Thankfully, there is no need buy those last 483 packets as you can order your last stickers - well, the last 50 at any rate - direct from Panini. At 22p per sticker - plus £1 for postage - that’s just £5.18 in total for 19 stickers (it’s cheaper if you order them online as you get a 10 per cent discount). A bit cheaper than 483 packets at 80p a shot (total = £386). Back in 1982, it only cost 2p per sticker, but as Tim Berners-Lee was still some years off his Eureka moment we didn’t have the chance of a 10 per cent discount either.

Of course, back in the real world, there are such things as friends who also have more money than sense and an ability to control their emotions when they find they have the Artur Jedrzejczyk (Poland) sticker for the third time. Those friends means swapsies and the mantra which used to echo around virtually every school playground in the 70s and 80s - ‘got, got, got, NEED!’

I will remain forever glad I grew up back then, in a far more innocent age where my mates and I played football in the playground and swapped Panini stickers. We used to have huge bundles of swaps with thick rubber bands to hold them together. Do today’s 13-year-olds still huddle around a friend holding a swathe of footie stickers while shouting out ‘got, got, got, NEED!’ I have no idea, but I’d like to think so. I’d like to think some kid in some playground somewhere will be asking, if he hasn’t already, ‘I’ll swap my spare Alireza Beiranvand for a Genki Haraguchi?’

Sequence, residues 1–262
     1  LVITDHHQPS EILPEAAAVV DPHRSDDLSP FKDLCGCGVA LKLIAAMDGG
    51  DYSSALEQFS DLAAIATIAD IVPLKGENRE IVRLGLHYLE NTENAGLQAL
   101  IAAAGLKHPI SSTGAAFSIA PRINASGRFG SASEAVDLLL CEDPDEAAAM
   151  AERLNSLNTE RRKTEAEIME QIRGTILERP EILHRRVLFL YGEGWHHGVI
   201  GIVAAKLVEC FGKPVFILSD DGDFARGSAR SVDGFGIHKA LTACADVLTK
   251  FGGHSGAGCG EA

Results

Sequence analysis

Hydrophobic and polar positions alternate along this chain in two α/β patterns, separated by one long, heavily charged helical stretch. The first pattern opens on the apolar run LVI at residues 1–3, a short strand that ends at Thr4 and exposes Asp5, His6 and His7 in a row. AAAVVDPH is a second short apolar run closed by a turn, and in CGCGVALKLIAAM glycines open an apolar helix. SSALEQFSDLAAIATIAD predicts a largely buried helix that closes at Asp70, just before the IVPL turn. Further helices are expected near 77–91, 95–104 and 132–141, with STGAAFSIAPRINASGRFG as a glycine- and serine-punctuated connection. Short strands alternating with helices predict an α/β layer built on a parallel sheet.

Society has moved on in many ways since 1982 - some for the better, some not - but surely there is still place for some childhood innocence? Perhaps not, though. Perhaps I am wrong. Perhaps selfies have replaced stickers, and perhaps posting on Instagram or Snapchat has replaced the thrill of tearing open a packet of stickers to find out you’ve got the Holy Grail - a ‘shiny’ England badge.

If they have, I know this - society wise, we’ve lost more than we’ve gained ....

PS Alireza Beiranvand (sticker number 174) plays for Iran and Genki Haraguchi (sticker number 668) plays for Japan. But if you’re well on the way to shelling out the best part of £800, you probably know that already ...

PSS Fingers crossed today’s opening game between Russia and Saudi Arabia provides more goals than the first match of the 1966, 1970, 1974 and 1978 tournaments combined. If only one goal is scored, it will.

Back in 1966, England - the host nation - drew 0-0 with Uruguay. Four years on, hosts Mexico and the Soviet Union did likewise. In 1974, holders Brazil and Yugoslavia couldn’t find the net, and four years after that holders West Germany drew 0-0 with Poland.

Since then, mercifully, opening games have been slightly more exciting. My own favourite remains Cameroon’s seismic 1-0 win over holders Argentina in Italia 90. The African nation ended with nine men due to two red cards - one of which was handed out following what remains one of the most spectacular fouls in football history. Look up Benjamin Massing’s brutal bodycheck on Claudio Caniggia on YouTube. People have found themselves in the dock in Portsmouth courts accused of GBH for lesser offences ....